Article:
Johnny Cash would have turned 87 years old Tuesday, February 26. His legacy will live on through his legions of fans, musicians, and friends that honor a man who remained true to who he was as a musician, an advocate, and a friend. To his fans and music critics alike, he will always be “The Man in Black”.
A full house of Johnny Cash fans came out to Caffe Lena to celebrate Cash’s life and music Sunday, February 24. The tables were full of patrons eager to eat their delicious desserts and drink their beverages as they waited to hear the music from regional musicians The Bluebillies and Marty Wendell.
Hartford, NY classic country-bluegrass group, The Bluebillies, featuring members, Melody Guarino (acoustic guitar/vocals), Mark Guarino (bass/vocals), Frank Orsini (fiddle/vocals), and Greg Bucking (lead guitar, from Sag Harbor, Long Island), opened the show. They were impressive in the way they were able to seamlessly harmonize and transition from song to song in their ten-song set. It was also interesting to learn how Cash made an impact on their lives, as shown in their music choices and the stories that they told in between songs.
For their set, the band’s focus was on covering Cash’s songs that he either covered or wrote within his last decade of life. Cash, according to Mark Guarino, was a courageous and fearless performer. He wasn’t afraid to take risks. He reached out to songwriters to write and record material that was outside his genre and comfort zone. Cash collaborated with Joe Strummer of “The Clash” to cover Bob Marley’s “Redemption Song” that was turned into a country classic, covered Depeche Mode’s, “Personal Jesus”, and he covered Bruce Springsteen’s, “Highway Patrolman”.
Mark and Melody Guarino recalled an occurrence that they had with Cash during the 1980’s. At the time, Melody was a writer for a country music magazine. She had received backstage passes to attend many shows that she covered. When the Guarinos first met Cash, Mark had described him as “old and grey”. He used an oxygen tank to help him breathe. At the time, Cash was having health issues and needed two heart surgeries. Every time he performed, Cash was energetic and gave it all he had to his fans. Backstage, he collapsed due to exhaustion. To the Guarinos, having met Cash in person was incredible. To them, he was a friend of theirs. When Cash passed away, Melody wrote her song, “Johnny Cash Ain’t Gone”, a song with subtle hints of a horn one would hear from the intro of Ring of Fire, to pay homage to her friend. The song, performed to close out their set, was a fitting tribute to Cash.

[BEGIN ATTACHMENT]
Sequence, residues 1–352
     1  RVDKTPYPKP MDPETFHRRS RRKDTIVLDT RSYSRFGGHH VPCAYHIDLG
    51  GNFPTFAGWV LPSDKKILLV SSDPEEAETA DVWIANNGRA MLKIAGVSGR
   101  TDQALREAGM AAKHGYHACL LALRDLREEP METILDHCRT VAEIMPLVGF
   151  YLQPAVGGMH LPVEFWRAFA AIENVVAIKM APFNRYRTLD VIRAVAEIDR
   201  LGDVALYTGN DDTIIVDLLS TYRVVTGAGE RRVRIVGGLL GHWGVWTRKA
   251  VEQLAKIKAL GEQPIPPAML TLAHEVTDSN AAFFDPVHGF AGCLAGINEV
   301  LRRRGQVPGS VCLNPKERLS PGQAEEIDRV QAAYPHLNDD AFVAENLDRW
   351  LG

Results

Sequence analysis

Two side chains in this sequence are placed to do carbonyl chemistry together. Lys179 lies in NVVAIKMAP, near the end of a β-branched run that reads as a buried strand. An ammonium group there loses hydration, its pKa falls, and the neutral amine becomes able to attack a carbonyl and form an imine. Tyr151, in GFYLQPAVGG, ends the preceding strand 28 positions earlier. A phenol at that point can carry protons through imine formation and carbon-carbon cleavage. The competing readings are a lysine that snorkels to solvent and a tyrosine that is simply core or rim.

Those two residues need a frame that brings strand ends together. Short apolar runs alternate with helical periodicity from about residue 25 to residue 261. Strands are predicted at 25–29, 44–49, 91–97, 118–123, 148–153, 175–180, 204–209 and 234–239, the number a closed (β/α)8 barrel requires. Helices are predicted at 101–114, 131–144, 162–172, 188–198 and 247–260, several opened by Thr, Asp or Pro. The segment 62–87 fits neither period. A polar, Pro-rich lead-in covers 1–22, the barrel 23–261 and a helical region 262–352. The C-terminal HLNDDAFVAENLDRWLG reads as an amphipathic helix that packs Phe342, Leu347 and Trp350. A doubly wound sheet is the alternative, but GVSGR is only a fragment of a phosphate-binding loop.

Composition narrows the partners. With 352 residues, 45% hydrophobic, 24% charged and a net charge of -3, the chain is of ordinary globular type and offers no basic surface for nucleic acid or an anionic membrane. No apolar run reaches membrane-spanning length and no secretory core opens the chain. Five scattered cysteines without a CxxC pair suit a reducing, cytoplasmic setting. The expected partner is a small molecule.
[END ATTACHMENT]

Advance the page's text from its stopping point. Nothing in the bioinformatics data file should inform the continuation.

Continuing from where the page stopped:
Rockabilly Hall of Fame Member, Marty Wendell, featuring band members, Sean Wendell (lead guitar/vocals), Mike Schoepler (bass), and Mark Shalonis (drums), closed out the evening with a nice tribute to his friend. Wendell, who honored his friend’s birthday, also released his current CD, Rock and Roll Days: A Celebration of Sun Records, at his show.
Wendell brought his patrons back to the days of Sun Studios where one would hear Johnny Cash record Get Rhythm on April 2, 1956 to kick off the show. His set involved many historical tidbits about Cash and the songs that he had recorded and performed throughout his musical career, leading up to his passing.
In 1958, Cash had transitioned from being in Sun Records to Columbia Records. It was at Columbia Records where he recorded songs as Ring of Fire (a crowd favorite), I Still Miss Someone, and his Folsom Prison Live album. Wendell recalled the first time that he had met his friend in 1963 through a talent agent. In a dressing room, Cash had pulled out his Gibson B25 acoustic 12-string guitar out of his case and gave it to Wendell to play a song. Cash enjoyed what Wendell had performed and in return, performed a few new songs that he had written that weren’t released yet.
1968, Wendell became Cash’s opening act. “The song that got me on the Johnny Cash show”, exclaimed Wendell after performing his medley of Folsom Prison Live songs, was Hey Hey Mama. It was a song that Wendell was most proud of recording & writing; not only for its outreach that it had on listeners within Vermont and New England, but it opened a door for him to be a headlining act for his friend, Johnny Cash.
From expressing Cash’s comedic side through his expressive lyrics in A Boy Named Sue, singing harmony with son, Sean, in Sea of Heartbreak, to performing an impressive medley of memorable songs from the Folsom Prison Live album (including Folsom Prison Blues that had the crowd clapping and singing along to every lyric), Wendell and his band were able to showcase the many sides of the legendary icon that they had come to love and remember. Like the Bluebillies, Wendell recorded and performed Teardrops of Gold, an original song that had come to him in a vivid dream two years ago. He had a dream that he was at a show in Athol, NY and Johnny Cash came to him and told him to create a song using that provided title. Wendell, waking up after the dream, wrote down the title and later recorded the song for his current album, as homage to his friend.
Wendell called upon the Bluebillies to join him on the Caffe Lena stage to perform their versions of Far Side Banks of Jordan and Will the Circle be Unbroken to conclude the evening. The audience, mesmerized by the finale, clapped & sung along to a rousing rendition of Will the Circle be Unbroken all the way to the end of a memorable night.
Happy 87th Birthday to the one and only Johnny Cash from Marty Wendell and The Bluebillies. Be sure to purchase a copy of Wendell’s Rock & Roll Days: A Celebration of Sun Records, available now. Marty Wendell and the Bluebillies will be performing this show again on May 10 at The Strand Theater, Hudson Falls, NY and on July 24 at The Little Theater, Fort Edward, NY.
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